The sadly wrong targeting of some "smart" outdoor gear

Quick! Who REALLY needs an electric, smartphone-ready outdoor grill?

The BioLite Fireprint is a “sleek, portable backyard fire pit and hibachi grill” that made the dubious “Best Cyber Monday 2018 Outdoor Deals” list of Wired. This 200 dollars gadget has:

The sadly wrong targeting of some "smart" outdoor gear /img/biolite.jpg
  • several integrated electric fans that keep heat, stray embers, and smoke contained, burning fuel more efficiently
  • airflow (i.e. where smoke goes) —and how high the flames go “precisely controllable on your phone, via Bluetooth”
  • an optional carry cover that can recharges its battery from solar power

Who REALLY needs this?

From the rewiew linked above, the Fireprint appears to work as advertised: “It was relaxing to sit around a fire without constantly circling around it to avoid smoke plumes.”

But it is precisely for this reason that it is sad to see stuff like this advertised as a great First World Problem solver, rather than to really improve people’s lives, and save them.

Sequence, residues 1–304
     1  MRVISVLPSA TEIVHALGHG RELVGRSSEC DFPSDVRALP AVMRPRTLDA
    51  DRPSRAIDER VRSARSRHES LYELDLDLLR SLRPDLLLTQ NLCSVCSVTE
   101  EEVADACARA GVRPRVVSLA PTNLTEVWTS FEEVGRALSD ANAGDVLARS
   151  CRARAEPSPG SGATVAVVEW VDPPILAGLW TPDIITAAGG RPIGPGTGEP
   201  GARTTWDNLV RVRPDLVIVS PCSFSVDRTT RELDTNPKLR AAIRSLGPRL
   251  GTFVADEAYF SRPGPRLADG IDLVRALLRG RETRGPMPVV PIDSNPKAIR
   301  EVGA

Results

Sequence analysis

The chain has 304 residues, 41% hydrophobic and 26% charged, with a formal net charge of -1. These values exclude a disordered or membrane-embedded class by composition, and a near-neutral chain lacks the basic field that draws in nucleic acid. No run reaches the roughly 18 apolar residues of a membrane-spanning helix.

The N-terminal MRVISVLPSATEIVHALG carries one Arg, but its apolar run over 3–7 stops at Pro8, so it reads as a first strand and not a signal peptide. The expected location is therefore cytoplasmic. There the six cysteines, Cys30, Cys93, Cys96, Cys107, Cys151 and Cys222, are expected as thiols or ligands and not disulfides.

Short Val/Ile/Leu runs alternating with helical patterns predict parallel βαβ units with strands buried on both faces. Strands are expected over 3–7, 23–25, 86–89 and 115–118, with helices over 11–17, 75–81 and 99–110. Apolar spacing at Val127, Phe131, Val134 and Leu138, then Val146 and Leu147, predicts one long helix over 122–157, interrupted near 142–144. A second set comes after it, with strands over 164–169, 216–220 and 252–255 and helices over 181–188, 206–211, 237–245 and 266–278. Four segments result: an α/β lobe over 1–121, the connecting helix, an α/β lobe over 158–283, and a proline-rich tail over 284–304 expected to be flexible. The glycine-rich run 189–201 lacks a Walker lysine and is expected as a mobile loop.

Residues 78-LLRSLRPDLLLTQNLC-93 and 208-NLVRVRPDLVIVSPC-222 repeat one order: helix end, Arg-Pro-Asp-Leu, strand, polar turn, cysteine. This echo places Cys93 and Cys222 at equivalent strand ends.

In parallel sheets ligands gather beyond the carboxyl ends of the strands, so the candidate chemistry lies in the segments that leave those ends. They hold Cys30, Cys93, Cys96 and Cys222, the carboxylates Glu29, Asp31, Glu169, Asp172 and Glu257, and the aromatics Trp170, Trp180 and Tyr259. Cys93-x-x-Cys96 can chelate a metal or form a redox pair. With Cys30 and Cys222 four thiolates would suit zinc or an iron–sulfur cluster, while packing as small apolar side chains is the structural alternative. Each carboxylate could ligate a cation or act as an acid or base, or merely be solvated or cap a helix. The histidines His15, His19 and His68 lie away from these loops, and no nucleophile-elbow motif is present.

Stuff like this needs to exist, and be sold in the millions. But its “buyers” should not be (relatively) rich western suburbians and picnic goers too lazy or incompetent to occasionally enjoy “all the coziness and conviviality of a wood fire” without throwing non-recyclable electronics at it.

Depending on who you ask and how you measure it, cooking every day indoor on wood stoves kills from two to four million people every year (see also here and here for more details).

If grills like this have to exist (and they have!) their primary target should be those people. Products like this should have Open Source, patent-free designs, and be optimized, both for costs and ease of maintenance, for people who have no other choice than burning wood every day to eat, and today get sick for that.

Yes, I do know that there are projects of this kind going on. Still, it is sad to see products that may do a lot of good, first optimized (“Bluetooth-controlled”!!!) and then enthusiastically advertised to solve false problems for people with enough money.